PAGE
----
Sweet and Spicy Smoked Ribs
Recipe from Family Circle

In this barbecue rib recipe, the ribs are smoked long and slow resulting in tender, flavorful meat. The brown sugar and spice rub works in harmony with most barbecue sauces, so choose your favorite brand or make your own.



by 22  people


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Servings: 8
Prep Time: 15 mins
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Ingredients
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    2   
    slabs pork loin back ribs, each cut in half (about 5 pounds total)
Rub:
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    1/4  cup 
    dark-brown sugar
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    1   tablespoon 
    garlic salt
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    1   tablespoon 
    onion powder
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    2   teaspoons 
    ground cinnamon
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    2   teaspoons 
    oregano
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    1   teaspoon 
    black pepper
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    1   cup 
    mild prepared or homemade barbecue sauce

Directions
1.
Soak 2 cups wood chips in hot tap water. Rinse and pat dry ribs.
Make Rub:

1.
In a medium-size bowl, combine sugar, garlic salt, onion powder, cinnamon, oregano and pepper. Rub mixture generously over meaty side of ribs. Sprinkle a small amount over bony side of ribs.
Prepare Smoker:

1.
Fire up 10 pounds of charcoal in bottom of grill. The charcoal is ready when gray and ashy. Reassemble grill, water pan and bottom grill grate. Pour at least 8 cups water into the water pan. Place 2 of the half rib racks, meaty side up, on the bottom grate. Replace the top grill grate and top with remaining two half rib racks. Cover grill; shake excess water off chips, then add to charcoal through side door.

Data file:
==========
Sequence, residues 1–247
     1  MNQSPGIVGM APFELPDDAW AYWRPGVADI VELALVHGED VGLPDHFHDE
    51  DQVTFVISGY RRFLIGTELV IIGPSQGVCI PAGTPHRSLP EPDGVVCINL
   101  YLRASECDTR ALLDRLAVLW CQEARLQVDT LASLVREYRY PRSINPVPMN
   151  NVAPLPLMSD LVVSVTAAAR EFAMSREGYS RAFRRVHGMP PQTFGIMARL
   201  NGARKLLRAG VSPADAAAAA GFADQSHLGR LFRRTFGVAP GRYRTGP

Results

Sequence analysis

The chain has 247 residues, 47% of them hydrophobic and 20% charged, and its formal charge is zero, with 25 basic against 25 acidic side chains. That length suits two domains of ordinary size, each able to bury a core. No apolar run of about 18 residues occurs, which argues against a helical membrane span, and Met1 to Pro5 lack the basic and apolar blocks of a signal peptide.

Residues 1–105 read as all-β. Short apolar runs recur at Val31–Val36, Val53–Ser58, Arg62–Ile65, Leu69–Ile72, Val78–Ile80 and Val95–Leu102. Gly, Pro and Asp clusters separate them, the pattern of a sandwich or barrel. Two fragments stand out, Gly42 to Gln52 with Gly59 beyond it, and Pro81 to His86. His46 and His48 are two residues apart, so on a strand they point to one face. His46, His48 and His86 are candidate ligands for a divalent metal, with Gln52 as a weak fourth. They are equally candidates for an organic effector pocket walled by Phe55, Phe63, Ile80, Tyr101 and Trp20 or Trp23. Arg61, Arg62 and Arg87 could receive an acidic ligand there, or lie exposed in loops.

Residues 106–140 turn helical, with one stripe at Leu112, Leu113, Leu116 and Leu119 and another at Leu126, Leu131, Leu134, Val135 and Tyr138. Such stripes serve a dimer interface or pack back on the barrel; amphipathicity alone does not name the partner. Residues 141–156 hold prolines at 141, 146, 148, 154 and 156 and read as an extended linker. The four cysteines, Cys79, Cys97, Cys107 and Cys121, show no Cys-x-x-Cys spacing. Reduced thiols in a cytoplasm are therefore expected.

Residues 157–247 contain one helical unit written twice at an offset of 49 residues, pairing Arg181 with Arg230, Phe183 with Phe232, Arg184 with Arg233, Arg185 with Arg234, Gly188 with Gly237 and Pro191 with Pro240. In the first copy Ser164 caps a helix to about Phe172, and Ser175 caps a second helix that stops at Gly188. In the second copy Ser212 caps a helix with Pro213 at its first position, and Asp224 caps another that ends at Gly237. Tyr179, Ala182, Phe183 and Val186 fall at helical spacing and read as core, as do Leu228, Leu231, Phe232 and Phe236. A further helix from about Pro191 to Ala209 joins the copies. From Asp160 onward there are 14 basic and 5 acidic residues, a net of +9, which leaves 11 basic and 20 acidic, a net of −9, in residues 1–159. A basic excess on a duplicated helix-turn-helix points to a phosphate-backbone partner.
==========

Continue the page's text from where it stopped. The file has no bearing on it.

2.
Smoke ribs at 200 degrees F to 225 degrees F for 3 hours, then carefully turn over. Continue to smoke ribs for an additional hour. Turn ribs again, and brush with 1/2 cup of the barbecue sauce. Continue to smoke for another 30 minutes to 1 hour, until rib meat registers 160 degrees F on an instant-read thermometer. Remove from grill and brush again with sauce. Serve with additional sauce on the side. Makes 8 servings.
Note
  • To smoke on a gas or charcoal grill: The secret to smoking food is, Keep it low and slow. Here are other tips, plus a guide to converting your grill. Cooking time will vary with outside air temperature (the cooler it is, the longer it takes) and how many times you open the cover, so resist that urge! Leave wiggle room in your serving timetable.Thread a probe thermometer through a vent for an accurate cook temp; test finished dish with an instant-read thermometer. Choose lighter, fruitier chips for poultry and fish, pungent or infused ones for pork, beef and game meats. Soak chips in water for about an hour.
Note
  • To convert a charcoal grill: Follow the manufacturers directions for amount of charcoal needed. Do not use charcoal infused with starter fluid because it could make food taste off. Briquettes are ready when gray and ashy; push to perimeter and place a foil pan with 2 cups of water in center. Place soaked wood chips directly on briquettes; put food on grill rack above pan of water. Add 5 to 7 briquettes to each side every hour if grill temp varies.To convert a gas grill: Heat the grill 15 minutes; turn one burner to medium or medium-high, the other off. Place presoaked wood chips in a foil pan directly on the hot burner; place a foil pan of water on other side. Add food to grill rack above pan of water.
Note
  • For all grills: Use a Charcoal Companion wood chip smoker box for an easy flavor boost; www.companion-group.com.
Nutrition information
Per Serving: cal. (kcal) 513, Fat, total (g) 22, chol. (mg) 135, sat. fat (g) 7, carb. (g) 12, fiber (g) 1, pro. (g) 63, sodium (mg) 1065, Percent Daily Values are based on a 2,000 calorie diet
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No offense to those chicken folks but here's the "finger lickin' good" meal. These ribs are mouth-happy perfection. The key is slow-roasting heat combined with moisture to create steam that melts away some of the fat and softens the meat. I like to start these in the oven, but if you prefer to do it entirely on the grill, I've provided that method too. No matter which way you start the ribs, finish them over direct heat to get a nice carmelization of the sauce.

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